Plan family events – Take advantage of the time the kids aren’t in school by planning outdoor family events. Simply walking through a public park with your loved ones will get you out of the house. Enjoy the scenery – Biking, hiking, and jogging outdoors are great during the fall and will allow you to enjoy the weather before winter hits. Just remember to dress in layers and wear reflective clothing, as it gets cold and dark early. Hit the gym – To supplement your outdoor activity, consider going to the gym. Alternating between outdoor and indoor exercise will keep your workout fresh and, if you live in a colder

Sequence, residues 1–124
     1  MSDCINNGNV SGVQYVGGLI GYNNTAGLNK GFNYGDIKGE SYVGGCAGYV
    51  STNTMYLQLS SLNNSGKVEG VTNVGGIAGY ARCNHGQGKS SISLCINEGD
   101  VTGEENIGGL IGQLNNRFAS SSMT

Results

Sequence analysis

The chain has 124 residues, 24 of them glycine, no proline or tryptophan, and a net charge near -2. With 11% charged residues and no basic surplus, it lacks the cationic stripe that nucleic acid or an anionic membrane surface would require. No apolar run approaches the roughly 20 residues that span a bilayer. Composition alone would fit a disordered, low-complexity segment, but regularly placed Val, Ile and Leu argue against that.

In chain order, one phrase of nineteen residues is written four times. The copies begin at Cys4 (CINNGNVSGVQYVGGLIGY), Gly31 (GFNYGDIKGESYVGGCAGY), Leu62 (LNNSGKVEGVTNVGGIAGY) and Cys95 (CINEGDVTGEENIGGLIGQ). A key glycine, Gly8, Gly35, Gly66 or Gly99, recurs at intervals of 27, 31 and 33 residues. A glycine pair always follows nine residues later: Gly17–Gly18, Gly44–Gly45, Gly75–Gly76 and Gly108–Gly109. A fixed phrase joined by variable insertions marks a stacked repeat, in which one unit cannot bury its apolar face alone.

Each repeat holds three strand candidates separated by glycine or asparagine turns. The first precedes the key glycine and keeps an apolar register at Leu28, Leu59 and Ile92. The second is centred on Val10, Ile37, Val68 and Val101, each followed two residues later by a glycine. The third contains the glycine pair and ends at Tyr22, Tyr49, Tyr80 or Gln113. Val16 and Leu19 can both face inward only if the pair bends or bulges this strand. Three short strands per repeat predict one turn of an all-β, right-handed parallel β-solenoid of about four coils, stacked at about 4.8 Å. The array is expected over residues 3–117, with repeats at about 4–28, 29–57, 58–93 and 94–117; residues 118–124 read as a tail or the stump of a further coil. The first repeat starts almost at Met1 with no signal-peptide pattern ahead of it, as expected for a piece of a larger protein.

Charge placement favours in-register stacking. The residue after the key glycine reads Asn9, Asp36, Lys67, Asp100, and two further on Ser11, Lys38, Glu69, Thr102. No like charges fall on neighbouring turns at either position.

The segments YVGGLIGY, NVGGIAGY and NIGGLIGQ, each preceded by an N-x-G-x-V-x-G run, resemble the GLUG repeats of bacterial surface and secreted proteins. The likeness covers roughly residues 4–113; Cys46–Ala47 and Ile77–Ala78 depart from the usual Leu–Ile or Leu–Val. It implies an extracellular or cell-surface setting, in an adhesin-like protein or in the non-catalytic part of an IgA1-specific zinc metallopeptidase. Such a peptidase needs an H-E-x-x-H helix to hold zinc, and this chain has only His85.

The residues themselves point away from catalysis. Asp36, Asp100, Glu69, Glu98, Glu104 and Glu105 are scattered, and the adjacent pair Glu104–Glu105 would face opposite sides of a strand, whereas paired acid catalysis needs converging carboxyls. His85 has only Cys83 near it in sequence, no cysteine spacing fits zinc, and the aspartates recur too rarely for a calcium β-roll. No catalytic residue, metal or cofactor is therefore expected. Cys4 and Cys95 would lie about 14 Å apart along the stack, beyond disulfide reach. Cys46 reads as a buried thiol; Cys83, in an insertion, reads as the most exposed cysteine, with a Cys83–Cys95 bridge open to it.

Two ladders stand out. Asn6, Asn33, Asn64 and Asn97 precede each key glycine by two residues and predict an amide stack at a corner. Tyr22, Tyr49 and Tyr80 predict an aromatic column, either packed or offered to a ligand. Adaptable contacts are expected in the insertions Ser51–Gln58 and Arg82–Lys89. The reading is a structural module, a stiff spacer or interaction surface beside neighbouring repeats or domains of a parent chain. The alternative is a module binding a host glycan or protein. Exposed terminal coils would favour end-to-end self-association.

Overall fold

Money-saving Freezer Meals
With work and school, errands and extra-curricular activities, it can be nearly impossible to find the time to cook and eat a weekday meal this time of year. With a little planning, you can take the pressure off yourself by making and freezing meals in advance.
Reshape supper with a light, delicious vegetable-based meal while taking advantage of the last of fresh summer corn, beans, and squash. While this recipe can be a light meal in itself, it makes a healthy side to complement any main dish, too.